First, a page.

By Jamie Pearce
Adolescents who recall seeing e-cigarettes in shops are more likely to have tried them in the past and are more likely to intend to try them in the future, according to a study published in the open access journal BMC Public Health.
Source: http://www.ecigclick.co.uk. Creative Commons License
The cross-sectional collaborative study including researchers from CRESH, which involved 3,808 Scottish adolescents, is the first to examine the relationship between adolescents’ recollection of e-cigarette displays at point of sale (POS) and their self-reported past use and future intention to use e-cigarettes.
Young people who had tried e-cigarettes in the past were found to be more likely to intend to use them again. We also found that young people were more likely to try e-cigarettes if they had previously smoked tobacco. Young people who had never smoked tobacco were much less likely to have tried e-cigarettes or intend to do so in the future. Most adolescents in the study who reported using e-cigarettes had only tried them once or twice and were not regular users.
It was previously known that exposure to cigarette POS displays influences smoking behaviour and intentions in young people and that increased availability of cigarettes – for example through a high number of shops selling tobacco near a person’s home (see earlier CRESH work) – is associated with higher consumption and uptake. However, to date there has been no evidence regarding the relationship between e-cigarette POS display exposure and e-cigarette use in young people. As cigarette brands are far more established and more instantly recognizable than e-cigarettes, the association between tobacco POS exposure and smoking behaviour in young people could not necessarily be assumed to be the same for e-cigarettes.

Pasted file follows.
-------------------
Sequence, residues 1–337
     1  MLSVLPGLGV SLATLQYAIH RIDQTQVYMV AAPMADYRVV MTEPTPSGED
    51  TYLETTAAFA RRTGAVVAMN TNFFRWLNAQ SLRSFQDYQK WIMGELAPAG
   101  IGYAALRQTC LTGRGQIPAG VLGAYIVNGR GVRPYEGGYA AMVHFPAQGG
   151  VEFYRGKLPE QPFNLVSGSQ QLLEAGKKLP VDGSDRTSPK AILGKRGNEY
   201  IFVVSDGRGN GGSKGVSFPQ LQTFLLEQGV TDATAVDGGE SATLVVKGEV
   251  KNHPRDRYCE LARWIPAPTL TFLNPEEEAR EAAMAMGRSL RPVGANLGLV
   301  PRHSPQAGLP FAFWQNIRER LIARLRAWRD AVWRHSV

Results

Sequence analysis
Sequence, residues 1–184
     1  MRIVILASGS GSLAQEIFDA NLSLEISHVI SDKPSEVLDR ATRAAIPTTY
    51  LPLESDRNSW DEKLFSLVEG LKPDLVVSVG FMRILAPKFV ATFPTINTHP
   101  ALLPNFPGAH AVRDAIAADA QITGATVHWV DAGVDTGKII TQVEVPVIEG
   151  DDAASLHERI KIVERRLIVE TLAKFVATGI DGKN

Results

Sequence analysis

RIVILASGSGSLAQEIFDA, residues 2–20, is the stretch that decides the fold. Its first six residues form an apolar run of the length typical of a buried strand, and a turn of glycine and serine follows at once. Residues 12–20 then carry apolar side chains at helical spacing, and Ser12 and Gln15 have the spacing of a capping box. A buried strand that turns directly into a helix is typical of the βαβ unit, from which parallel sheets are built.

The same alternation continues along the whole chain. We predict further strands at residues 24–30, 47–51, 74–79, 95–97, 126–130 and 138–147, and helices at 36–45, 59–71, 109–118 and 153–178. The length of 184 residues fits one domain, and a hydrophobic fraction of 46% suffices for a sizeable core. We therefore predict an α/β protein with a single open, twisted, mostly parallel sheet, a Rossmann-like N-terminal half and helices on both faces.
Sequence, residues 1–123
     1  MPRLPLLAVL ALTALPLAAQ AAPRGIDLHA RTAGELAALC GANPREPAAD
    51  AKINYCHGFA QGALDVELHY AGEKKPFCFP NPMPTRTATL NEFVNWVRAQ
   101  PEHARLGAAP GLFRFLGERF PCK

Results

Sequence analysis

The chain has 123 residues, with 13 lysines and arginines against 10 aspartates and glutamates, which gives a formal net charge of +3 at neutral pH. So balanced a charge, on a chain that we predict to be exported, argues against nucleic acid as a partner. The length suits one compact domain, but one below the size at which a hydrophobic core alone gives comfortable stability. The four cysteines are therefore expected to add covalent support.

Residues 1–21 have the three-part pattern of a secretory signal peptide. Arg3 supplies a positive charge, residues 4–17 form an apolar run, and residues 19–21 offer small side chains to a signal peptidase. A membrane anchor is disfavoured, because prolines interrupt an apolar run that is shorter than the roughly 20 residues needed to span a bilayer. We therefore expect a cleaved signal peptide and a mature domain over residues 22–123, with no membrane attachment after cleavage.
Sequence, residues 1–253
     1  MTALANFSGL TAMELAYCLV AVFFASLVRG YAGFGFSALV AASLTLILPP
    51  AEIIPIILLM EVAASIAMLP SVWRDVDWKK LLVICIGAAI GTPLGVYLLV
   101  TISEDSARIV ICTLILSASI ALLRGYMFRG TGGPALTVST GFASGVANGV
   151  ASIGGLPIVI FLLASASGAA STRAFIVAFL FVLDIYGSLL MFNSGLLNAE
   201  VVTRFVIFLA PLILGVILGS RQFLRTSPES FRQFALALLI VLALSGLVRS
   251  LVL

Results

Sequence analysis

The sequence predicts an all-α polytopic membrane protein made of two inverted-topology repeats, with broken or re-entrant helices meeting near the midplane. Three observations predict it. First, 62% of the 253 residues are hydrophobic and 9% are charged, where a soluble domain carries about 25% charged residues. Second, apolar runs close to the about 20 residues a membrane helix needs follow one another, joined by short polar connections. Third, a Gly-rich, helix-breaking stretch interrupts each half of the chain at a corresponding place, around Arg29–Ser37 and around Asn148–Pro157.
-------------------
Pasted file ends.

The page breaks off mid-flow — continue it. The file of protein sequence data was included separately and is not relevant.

To examine a potential relationship between exposure to POS displays and e-cigarette use in adolescents, we conducted a survey in four high schools in Scotland which involved 3,808 students between 11 and 18 years of age. The data collected was part of an ongoing 6-year study designed to assess the impact of Scottish legislation banning tobacco POS displays on young people’s smoking behavior and their attitudes towards smoking. Additional information on e-cigarette advertising exposure, e-cigarette use and smoking status was gathered through a school-based survey conducted in early 2015.
Respondents were asked whether they had heard of e-cigarettes, whether they had ever used them, and whether they intended to try them in the next 6 months. They were also asked if they had ever smoked cigarettes and if they intended to do so in the next year.
A strong association between recall of e-cigarette displays at point of sale and use of e-cigarettes and intention to use in the future was found in this study. However, it used a cross-sectional design and so no causal relationship between POS recall and e-cigarette use or intention to use could be established. Therefore, it is unclear whether young people who plan to try e-cigarettes do so because they notice e-cigarettes at POS or whether they notice e-cigarettes because they intend to try them in the future.
The sample used in this study was not randomly selected and is not necessarily representative of the Scottish population, and there was a 13% non-response rate to the survey which relied on recall and self-reporting. The researchers note that collection of additional longitudinal data is needed to establish causality. Catherine Best, the corresponding author, said: “Given that our study found an association between POS exposure to e-cigarettes and both their use and intention to use in young people, policy makers in the EU and elsewhere need to consider very carefully how to balance the promotion of e-cigarettes to adult smokers as an aid to help them quit, while at the same time minimizing their uptake by young people.”
As of May 20th 2016 EU member states will be required to have legislation that restricts the advertising of e- cigarettes.
Sally Haw, lead author of the study, said: “We have seen considerable investment in e-cigarette advertising by the tobacco industry. While these new restrictions on e-cigarette advertising through broadcast and print media, sponsorship and product placement are very much welcomed, they are more limited than those that apply to tobacco advertising. However, individual jurisdictions will be able to extend their restrictions to include e-cigarette advertising on bill boards and at point of sale. This requires careful consideration.